Followers respond in ways that benefit the leader. Current approach has a few dimensions that shape the concept of leader and leadership.
Leaders provide vision and direction to their followers. They provide answers to the questions, "Where are we going What are our objectives What are we trying to achieve" In some cases these objectives are modest and concrete, but in others the vision is quite grand. Some authors (Collins & Porras, 1994) have described the vision as a BHAG, a "big, hairy, audacious, goal. " It is a vision that says we are here to do more than meet our numbers or to pass the next inspection. We are here, in this group or organization, for a far grander purpose. So the vision not only provides a sense of direction, it can also provide "meaning, " or an answer to the question, "Why are we here"
A second benefit that a leader can provide is security and protection for followers. This is an important function in military contexts and also in corporate and political domains. In extreme cases leaders can place themselves in harm's way to protect followers. Less extreme versions of this type of behavior can be seen when executives put their own careers in jeopardy to argue against laying off subordinates, or when political leaders take risks to protect the interests of their constituencies. In hostile environments, be they military or economic, leaders place their personal wellbeing at risk to shield their followers.
Achievenemt and effectiveness
Through the completion of group or organizational tasks, leaders allow their followers to achieve goals that would be difficult or impossible to achieve by one person alone or by a group without the leader. The need to be effective is one of the frequently overlooked human motives. There are many goals that can only be attained through group or collective effort- economic prosperity by corporations, pleasant and livable neighborhoods by communities, or military victories by battalions, to name but a few. Leaders coordinate and orchestrate to make success real. Success leads to a sense of power and competence in followers, competence to achieve things that one alone could never accomplish. An important ingredient in instilling the will to achieve in followers is optimism. This is a feature that has been noted by many scholars who have written about leadership. Perkins (2000), for instance, in writing about Shackleton's adventure, notes how Shackleton not only instilled optimism in himself but also how he fostered a spirit of optimism in his men. The optimism not only maintained the belief that they could eventually survive and return home, but it also improved the mood of the men and made their lives more pleasant and bearable, thereby increasing the chances of success.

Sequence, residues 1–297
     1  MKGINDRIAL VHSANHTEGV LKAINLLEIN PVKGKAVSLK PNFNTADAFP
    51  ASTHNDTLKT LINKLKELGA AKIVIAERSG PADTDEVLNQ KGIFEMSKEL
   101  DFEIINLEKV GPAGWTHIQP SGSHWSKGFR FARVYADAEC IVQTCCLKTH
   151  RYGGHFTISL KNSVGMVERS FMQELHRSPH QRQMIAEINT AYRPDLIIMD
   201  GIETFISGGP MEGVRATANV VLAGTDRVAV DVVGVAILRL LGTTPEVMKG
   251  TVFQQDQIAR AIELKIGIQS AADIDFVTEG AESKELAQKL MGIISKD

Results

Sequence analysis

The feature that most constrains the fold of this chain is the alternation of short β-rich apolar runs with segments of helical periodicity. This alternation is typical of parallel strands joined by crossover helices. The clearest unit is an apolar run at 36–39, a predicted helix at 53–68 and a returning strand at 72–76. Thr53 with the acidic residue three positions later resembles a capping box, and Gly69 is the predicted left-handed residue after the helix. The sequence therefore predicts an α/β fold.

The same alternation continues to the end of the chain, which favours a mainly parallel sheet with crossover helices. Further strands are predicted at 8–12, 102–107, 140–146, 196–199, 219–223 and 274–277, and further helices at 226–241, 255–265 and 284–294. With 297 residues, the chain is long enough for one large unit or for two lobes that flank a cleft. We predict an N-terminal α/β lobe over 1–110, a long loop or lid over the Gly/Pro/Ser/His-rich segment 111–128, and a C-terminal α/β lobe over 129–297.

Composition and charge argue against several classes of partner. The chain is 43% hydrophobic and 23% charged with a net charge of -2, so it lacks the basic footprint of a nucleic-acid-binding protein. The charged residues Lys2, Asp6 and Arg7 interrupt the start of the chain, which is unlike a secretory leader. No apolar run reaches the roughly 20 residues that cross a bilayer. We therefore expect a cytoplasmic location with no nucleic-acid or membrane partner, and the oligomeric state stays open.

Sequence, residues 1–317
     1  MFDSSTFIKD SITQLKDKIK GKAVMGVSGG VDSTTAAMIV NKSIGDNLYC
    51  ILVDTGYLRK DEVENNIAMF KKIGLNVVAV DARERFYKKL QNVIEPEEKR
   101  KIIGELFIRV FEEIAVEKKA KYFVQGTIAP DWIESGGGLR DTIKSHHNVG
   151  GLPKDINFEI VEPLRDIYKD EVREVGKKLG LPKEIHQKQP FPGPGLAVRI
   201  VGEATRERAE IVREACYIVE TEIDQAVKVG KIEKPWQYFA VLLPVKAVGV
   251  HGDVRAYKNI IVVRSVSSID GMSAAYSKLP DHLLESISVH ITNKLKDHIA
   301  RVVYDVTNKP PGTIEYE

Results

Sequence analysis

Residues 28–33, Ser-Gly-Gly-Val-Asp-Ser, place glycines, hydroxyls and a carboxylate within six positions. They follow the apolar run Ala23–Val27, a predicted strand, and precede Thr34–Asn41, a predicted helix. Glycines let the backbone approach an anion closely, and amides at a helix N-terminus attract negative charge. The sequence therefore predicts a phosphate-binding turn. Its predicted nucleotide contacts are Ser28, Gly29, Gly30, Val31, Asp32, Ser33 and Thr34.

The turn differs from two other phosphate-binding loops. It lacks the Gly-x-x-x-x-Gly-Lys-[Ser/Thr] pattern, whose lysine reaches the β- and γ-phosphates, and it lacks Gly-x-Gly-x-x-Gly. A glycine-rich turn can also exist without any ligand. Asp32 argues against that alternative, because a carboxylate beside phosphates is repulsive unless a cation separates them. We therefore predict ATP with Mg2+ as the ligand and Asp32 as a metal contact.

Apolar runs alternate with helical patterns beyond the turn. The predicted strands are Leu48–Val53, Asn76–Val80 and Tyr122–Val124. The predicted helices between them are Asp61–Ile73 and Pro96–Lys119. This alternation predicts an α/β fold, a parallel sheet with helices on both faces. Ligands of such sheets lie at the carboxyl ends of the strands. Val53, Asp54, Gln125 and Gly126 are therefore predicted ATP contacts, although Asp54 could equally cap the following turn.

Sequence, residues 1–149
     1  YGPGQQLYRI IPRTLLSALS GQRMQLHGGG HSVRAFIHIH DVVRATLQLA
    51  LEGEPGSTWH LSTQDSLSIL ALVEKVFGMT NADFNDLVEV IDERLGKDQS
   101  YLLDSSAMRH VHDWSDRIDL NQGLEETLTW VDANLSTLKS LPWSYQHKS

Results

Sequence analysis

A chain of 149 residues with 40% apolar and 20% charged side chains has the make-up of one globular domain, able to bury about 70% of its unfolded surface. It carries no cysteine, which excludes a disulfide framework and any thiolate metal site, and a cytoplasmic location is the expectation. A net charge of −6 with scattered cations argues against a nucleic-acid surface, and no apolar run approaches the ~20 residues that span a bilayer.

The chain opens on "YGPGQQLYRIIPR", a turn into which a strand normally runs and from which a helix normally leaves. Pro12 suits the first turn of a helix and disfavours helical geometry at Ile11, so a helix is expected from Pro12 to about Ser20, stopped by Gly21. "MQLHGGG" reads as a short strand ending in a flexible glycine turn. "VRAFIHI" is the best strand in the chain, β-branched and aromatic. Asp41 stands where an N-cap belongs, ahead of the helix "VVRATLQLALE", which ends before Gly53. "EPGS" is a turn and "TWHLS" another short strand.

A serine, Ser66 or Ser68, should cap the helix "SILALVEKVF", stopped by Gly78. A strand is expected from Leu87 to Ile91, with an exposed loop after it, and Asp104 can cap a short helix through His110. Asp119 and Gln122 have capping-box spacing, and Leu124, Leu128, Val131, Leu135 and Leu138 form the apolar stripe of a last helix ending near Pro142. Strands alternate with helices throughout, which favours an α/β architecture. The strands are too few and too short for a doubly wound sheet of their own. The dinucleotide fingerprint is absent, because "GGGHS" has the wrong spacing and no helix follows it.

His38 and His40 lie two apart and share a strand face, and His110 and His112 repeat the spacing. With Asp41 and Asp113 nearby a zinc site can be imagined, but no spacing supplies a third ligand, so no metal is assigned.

Inclusion and belongingness
Leaders include followers as valued members of groups and organizations, be they groups, families, nations, corporations, or universities. Our sociality is a fact that is often overlooked by leaders. I think it is important to recall that among the early settlers in North America, one of the most severe forms of punishment for people who violated the norms of the community was ostracism, the practice of treating people as if they did